I don’t want my daughters to convert. Why should they? Why convert to what you already are?

My daughters are as Jewish as Moses and all the Matriarchs! I picked their Hebrew names before they were born. We were reading Torah together from infancy. I sing The Shema each night before I put them to bed.

Why should my children be denied their birthright because I love their mother?

Then my anguish turns to anger. I yell, abi gezunt dos leben ken men zikh ale mol nemen! (Stay healthy, because you can kill yourself later — a classic Yiddish curse.) At Hebrew school, my daughters will speak more than just English and Hebrew, but Spanish and Yiddish and even Ladino. Our Purim costumes will be amazingly crafted and we’ll celebrate their Bat Mitzvahs in splendor. They’ll go on to become leaders in their local BBG and Hillel chapters. We’ll share pictures and stories from their Birthright trips. My pettiest revenge imaginable is living our best lives full of Yiddishkeit.

These dreams of naches and righteousness eventually fade into a cold, fearful emptiness. They won’t change the fact that my daughters are Black in an American Jewry that is still very, very White. In an America where too many Jews still see people who look like my daughters as exotic outsiders or dangerous imposters, and sometimes both. In an America literally built on racism. In an America where White supremacists stalk schools, synagogues, and even our cemeteries. In an America where we are all so detached from each other’s suffering that children as young as my daughters are being locked in cages for the crime of being different.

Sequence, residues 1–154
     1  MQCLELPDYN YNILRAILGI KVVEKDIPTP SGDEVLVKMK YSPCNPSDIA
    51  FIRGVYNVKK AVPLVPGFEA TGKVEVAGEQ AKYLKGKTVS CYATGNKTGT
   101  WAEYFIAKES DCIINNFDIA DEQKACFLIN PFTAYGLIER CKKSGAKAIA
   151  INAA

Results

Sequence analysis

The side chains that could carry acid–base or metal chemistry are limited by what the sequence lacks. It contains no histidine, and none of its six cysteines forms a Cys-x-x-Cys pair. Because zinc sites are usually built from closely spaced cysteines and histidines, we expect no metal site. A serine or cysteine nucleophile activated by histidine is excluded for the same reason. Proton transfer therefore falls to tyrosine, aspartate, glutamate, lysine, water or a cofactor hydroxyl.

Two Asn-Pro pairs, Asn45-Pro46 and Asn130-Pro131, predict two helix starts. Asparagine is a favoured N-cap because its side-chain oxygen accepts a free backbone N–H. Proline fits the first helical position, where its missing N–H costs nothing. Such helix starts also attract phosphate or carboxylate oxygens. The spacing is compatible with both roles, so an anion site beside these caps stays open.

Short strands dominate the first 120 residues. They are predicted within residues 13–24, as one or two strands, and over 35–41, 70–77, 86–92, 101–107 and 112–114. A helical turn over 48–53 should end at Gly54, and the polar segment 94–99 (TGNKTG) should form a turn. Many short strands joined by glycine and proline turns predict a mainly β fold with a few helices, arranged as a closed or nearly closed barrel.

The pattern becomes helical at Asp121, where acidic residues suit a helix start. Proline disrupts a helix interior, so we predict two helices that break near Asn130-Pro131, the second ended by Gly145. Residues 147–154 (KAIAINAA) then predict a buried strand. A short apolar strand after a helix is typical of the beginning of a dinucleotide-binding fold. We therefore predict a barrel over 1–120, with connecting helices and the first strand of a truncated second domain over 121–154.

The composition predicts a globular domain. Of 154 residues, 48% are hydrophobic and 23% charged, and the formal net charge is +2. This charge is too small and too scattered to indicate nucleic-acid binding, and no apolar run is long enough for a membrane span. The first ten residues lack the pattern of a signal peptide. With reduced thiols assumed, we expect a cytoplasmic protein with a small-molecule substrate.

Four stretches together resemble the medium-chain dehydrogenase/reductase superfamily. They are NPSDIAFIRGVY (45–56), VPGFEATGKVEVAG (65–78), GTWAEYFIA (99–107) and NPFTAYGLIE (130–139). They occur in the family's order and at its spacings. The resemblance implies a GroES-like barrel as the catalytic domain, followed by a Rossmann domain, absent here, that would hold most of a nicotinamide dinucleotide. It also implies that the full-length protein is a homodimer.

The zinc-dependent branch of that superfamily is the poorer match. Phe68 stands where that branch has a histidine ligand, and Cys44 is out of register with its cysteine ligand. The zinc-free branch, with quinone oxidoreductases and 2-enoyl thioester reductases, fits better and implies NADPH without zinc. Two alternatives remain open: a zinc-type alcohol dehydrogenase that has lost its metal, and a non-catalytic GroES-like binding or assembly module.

I can’t protect my kids from other Jews, let alone gentiles. I can’t protect them from how they will look at them, speak to them, erase their heritage or even their lives, as if they were a stray line of pencil on paper. I’m no White savior. And as a parent, I don’t have the luxury of self-indulgent myths.

But I want so badly for other Jews to see my daughters as Jewish. Because even though we, as a people, are full of different thoughts and traditions, contradictions and captivations spun on leaves of the Sefirot, I want to believe we are all mishpocha. We’re all in it, this life, together, as Jews. And if my daughters can’t trust their fellow Jews — then what? I don’t have an answer. I don’t know. Maybe there isn’t one.

Like I said, I don’t have the luxury of self-indulgence. My daughters can’t afford naïveté, doubt, or self-pity. They need and deserve better from me. They need and deserve an affirmation that, no matter what comes their way, they are the descendants of people who have survived thousands of years of oppression with grandeur.

So here it is, my affirmation to every rabbi, every semikha, every maggid, and every gatekeeping frummie: my daughters are Blewish: Black, and very very Jewish.

Stephen Michael Tow is a husband, father, bureaumancer, wordsmith, troubadour, doodler, people-watcher, urban explorer, and pataphysician. He’s written a couple of books and blogs occasionally at, under a pseudonym. Follow on Twitter @stowZJE.